• 39% of students in the United States, from the first grade to their senior year of high school, do not have a father at home. Children without a father are 4 times more likely to be living in poverty than children with a father. (National Public Radio)
  • 24.7 million children in the United States live in a home where their biological father is not present. That equates to 1 in every 3 children in the United States not having access to their father. (National Public Radio)
  • Girls who live in a fatherless home have a 100% higher risk of suffering from obesity than girls who have their fathers present. Teen girls from fatherless homes are also 4 times more likely to become mothers before 20. (National Public Radio)
  • 57% of the fatherless homes in the United States involved African-American/Black households. Hispanic households have a 31% fatherless rate, while Caucasian/White households have a 20% fatherless rate. (National Public Radio)
  • Even when poverty levels are equal, children who come from a two-parent home outperform children who come from a one-parent home. (U.S. Department of Health and Human Services)
  • About 40% of children in the United States are born to mothers who are not married. Over 60% of these children were born to mothers under the age of 30%. (CDC)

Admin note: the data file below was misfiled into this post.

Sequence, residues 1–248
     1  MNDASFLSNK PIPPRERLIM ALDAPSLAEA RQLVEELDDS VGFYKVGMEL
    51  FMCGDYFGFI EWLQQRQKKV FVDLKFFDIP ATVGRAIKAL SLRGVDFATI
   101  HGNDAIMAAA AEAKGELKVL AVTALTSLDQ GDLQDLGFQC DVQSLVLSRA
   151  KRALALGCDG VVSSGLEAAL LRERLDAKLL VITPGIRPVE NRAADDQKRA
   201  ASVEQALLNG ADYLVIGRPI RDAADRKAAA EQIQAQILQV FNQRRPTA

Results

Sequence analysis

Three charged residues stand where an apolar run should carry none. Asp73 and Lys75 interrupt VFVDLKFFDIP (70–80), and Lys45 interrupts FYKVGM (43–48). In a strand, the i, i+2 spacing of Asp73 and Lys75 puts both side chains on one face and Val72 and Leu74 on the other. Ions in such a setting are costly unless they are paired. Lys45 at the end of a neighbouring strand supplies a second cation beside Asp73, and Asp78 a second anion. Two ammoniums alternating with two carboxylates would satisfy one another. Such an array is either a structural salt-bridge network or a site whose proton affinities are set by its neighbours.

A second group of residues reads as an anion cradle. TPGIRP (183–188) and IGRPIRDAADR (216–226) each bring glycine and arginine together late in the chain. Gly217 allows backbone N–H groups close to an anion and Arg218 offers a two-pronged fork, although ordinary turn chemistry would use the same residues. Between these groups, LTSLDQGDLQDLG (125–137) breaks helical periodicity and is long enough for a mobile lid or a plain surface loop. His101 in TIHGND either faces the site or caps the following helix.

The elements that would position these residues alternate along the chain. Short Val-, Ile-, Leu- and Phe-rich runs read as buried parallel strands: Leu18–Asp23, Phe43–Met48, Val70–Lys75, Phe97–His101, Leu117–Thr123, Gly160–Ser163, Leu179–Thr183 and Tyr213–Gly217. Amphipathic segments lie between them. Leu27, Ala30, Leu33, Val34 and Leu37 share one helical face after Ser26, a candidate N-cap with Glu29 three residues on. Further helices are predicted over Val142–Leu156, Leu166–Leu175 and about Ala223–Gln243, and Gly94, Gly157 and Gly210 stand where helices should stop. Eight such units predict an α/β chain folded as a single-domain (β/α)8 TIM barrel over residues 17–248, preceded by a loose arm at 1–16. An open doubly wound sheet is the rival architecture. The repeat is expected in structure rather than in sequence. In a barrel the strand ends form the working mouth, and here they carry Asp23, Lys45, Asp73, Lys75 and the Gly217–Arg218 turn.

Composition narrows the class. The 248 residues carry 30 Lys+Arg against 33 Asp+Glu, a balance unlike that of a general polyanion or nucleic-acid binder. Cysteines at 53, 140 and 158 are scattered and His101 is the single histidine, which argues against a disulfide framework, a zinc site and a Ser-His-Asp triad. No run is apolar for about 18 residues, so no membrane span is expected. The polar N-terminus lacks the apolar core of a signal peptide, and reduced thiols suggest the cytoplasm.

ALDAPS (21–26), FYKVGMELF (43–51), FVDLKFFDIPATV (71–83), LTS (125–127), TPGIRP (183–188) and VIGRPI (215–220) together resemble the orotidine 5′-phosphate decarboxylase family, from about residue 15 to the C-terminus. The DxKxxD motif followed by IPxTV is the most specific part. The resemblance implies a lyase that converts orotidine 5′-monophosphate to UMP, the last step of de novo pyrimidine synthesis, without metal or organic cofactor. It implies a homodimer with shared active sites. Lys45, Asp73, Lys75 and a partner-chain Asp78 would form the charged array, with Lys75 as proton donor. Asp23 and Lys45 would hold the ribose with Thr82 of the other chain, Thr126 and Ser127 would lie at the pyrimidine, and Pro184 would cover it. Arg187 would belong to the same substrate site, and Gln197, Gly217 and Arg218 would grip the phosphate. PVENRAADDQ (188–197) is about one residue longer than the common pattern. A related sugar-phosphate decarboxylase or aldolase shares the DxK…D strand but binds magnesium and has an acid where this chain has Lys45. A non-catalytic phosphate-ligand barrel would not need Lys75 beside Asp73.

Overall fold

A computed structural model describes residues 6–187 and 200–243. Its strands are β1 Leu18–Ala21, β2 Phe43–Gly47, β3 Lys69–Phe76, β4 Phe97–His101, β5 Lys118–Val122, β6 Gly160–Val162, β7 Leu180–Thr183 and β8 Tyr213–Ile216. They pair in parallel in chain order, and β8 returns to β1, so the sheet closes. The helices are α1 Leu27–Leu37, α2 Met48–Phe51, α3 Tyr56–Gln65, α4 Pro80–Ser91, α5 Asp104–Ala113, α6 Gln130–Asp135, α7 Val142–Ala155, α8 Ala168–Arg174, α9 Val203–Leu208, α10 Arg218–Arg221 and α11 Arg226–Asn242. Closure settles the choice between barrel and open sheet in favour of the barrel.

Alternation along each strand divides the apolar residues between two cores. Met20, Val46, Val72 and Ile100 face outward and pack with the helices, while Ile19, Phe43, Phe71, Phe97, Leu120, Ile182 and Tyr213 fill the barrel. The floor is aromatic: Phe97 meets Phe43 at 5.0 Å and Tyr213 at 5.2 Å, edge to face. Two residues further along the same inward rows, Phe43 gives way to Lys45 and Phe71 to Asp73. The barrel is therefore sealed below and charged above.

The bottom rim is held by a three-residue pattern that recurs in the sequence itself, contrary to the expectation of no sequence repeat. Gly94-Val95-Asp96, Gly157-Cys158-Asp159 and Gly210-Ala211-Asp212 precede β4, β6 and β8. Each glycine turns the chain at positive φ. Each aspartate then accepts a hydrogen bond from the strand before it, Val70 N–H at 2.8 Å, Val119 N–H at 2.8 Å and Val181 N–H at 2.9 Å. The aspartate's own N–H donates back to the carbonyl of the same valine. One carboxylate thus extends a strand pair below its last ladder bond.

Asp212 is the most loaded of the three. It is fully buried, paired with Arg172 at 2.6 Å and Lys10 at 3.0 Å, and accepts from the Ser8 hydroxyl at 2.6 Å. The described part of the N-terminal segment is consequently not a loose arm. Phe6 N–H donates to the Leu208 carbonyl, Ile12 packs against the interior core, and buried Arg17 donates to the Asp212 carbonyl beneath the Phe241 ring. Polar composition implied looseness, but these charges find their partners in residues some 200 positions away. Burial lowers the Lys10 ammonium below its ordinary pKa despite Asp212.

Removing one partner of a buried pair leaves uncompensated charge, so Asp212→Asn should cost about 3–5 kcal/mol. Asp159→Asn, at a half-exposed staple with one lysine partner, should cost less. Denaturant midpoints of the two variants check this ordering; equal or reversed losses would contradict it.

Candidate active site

• 27% of single mothers were jobless for the entire year while taking care of their children. Only 22% of those out of work were receiving unemployment benefits at the time. (U.S. Census Bureau)
  • The median income for a household with a single mother is $35,400. The median income for a home with a married couple raising their children is $85,300 in the United States. Two-thirds of low-income working families with children are in the African-American community. (U.S. Census Bureau)
  • Over 30% of fatherless homes are classified as food insecure, yet only 13% of homes will utilize the services of a food pantry. Over 30% of fatherless homes also spend more than half of their income on housing costs, classifying the household as experiencing a severe housing burden. (U.S. Department of Agriculture)
  • Pregnant women who do not have the support of the father experience pregnancy loss at a 48% rate. When the father is present, the prevalence of pregnancy loss falls to 22%. (Shah, Gee, and Theall)
  • 43% of fathers do not see their role as important to their identity. 54% of fathers in the U.S. say that parenting isn’t enjoyed all of the time. (Pew Research)
  • Even in homes with fathers, the modern dad spends only 8 hours per week on child care, which is 6 hours less than the modern mom. On the other hand, 43% of the modern dad’s time is spent with paid work, compared to 25% for the modern mom. Dads spend 3 times more time with their kids than dads did in 1965. (Pew Research) 

Fatherlessness is a massive problem in the African-American/Black communities of the United States. There are strong links between the lack of a father presence and emotional trauma later in life.